Review: ‘A Midsummer Night’s Dream’ at Public Theater – Delacorte Theater in Central Park

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If something unexpected or odd happens to a character in the play, it likely has happened at Puck’s hands. Puck, who serves as jester to Oberon (Richard Poe), the fairy king, is central to the play as he beseeches the audience to consider what they have seen on stage a dream (“If we shadows have offended, Think but this, and all is mended, That you have but slumber’d here, While these visions did appear).

Puck, at the behest of Oberon, causes the four young lovers in the story, Lysander (Kyle Beltran) and Hermia (Shalita Grant) as well as Demetrius (Alex Hernandez) and Helena (Annaleigh Ashford) to believe they were in fact dreaming what took place in the forest. Ashford’s over-the-top and very physical performance seems to channel her inner Lucille Ball: she arrives on stage, mascara running down her face, and proceeds to stumble and fall in a hilarious manner while frequently uttering the wrong emphasis on the wrong syllable.

What is taking place before the audience is that each of the four wildly lust after the wrong person, thanks to none other than Puck who eventually figures out his mistake (he sprayed a love potion on the wrong person) and puts things right.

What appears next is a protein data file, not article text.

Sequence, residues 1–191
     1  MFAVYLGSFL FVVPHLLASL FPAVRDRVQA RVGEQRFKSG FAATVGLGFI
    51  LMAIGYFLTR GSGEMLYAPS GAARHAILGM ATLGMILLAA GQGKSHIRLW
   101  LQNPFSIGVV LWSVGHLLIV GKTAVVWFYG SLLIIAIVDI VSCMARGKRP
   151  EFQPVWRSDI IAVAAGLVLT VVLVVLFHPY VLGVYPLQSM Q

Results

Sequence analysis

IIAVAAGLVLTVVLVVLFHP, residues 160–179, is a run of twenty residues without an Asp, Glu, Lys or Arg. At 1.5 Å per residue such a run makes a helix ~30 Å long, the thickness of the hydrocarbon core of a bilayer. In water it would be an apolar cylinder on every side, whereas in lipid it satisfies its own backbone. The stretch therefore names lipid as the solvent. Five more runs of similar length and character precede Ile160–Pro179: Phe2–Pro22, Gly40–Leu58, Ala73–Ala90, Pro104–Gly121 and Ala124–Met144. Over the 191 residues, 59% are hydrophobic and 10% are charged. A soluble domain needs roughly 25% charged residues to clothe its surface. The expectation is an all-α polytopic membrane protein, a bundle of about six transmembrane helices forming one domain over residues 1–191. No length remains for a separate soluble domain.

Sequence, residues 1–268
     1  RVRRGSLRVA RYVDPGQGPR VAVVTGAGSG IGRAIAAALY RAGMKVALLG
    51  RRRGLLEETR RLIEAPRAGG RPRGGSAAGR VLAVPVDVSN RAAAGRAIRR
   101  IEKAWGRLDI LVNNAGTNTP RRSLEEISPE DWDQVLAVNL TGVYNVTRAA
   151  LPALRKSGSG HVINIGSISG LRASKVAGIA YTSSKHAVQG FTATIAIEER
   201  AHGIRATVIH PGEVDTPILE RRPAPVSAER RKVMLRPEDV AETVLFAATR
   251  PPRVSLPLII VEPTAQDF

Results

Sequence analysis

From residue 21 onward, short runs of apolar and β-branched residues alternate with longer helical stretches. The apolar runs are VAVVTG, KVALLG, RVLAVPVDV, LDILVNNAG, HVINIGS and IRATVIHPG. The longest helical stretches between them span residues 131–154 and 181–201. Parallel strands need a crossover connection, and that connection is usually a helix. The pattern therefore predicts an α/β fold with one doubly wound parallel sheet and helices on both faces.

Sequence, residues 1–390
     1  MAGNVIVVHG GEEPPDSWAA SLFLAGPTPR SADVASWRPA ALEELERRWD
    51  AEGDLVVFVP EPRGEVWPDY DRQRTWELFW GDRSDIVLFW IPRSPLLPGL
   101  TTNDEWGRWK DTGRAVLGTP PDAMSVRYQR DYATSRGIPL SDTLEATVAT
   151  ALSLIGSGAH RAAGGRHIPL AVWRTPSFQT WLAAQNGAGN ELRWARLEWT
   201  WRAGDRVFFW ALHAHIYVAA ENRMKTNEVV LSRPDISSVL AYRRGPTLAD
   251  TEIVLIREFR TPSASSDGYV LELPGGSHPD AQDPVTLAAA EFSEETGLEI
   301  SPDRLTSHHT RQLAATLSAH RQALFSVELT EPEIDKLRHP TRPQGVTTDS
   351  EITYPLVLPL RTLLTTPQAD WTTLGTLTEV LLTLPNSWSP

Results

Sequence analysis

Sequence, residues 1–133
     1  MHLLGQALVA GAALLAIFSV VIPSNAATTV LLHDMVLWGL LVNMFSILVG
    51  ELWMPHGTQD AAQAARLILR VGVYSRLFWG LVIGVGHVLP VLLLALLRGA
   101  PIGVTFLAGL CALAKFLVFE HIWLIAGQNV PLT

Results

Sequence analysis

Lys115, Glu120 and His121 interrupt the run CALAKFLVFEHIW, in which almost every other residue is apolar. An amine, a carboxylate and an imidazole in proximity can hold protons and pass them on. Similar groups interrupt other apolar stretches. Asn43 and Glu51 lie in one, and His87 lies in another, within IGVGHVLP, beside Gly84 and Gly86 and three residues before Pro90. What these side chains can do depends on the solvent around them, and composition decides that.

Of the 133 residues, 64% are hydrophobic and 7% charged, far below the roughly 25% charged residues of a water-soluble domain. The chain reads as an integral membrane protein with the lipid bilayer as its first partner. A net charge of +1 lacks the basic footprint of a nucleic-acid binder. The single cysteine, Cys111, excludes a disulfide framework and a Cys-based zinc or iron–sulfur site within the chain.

The mechanicals’ presentation of their play within a play, a “tedious brief scene” between young Pyramus and Thisbe, is indeed tedious by design but gives us the gift of Jeff Hiller in drag as a deliberately impassive Thisbe.

Rounding out the cast are Phylicia Rashad as Titania, Queen of the Fairies; Danny Burstein as Nick Bottom, a weaver; Bhavesh Patel as Theseus, Duke of Athens; De’adre Manis as Hippolyta, Queen of the Amazons, betrothed to Theseus; David Mains as Egeus, father to Hermia; Robert Joy as Peter Quince, a carpenter; Justin Cunningham as Philostrate, Master of the Reveals to Theseus; and a seemingly unlimited number of fairies in haunting white pajamas and nightgowns.

Much of the success is due to the music, with some incredible vocals by Marcelle Davies Lashley, the Fairy Singer (a role not found in most productions), some original New Orleans-style music by Justin Levine, and the six-piece orchestra in the treetops under the direction of Jon Spurney.

The result is an interesting and hilarious yet thoughtful production that is likely to beguile and enchant the theatergoer. As with all Shakespeare in the Park productions, this is a limited engagement and the last performance is August 13.


A Midsummer Night’s Dream
Public Theater – Delacorte Theater
81 Central Park West
New York, N.Y. 10023
Runtime: 2 hour 30 minutes

(Photos: Accura Media Group)

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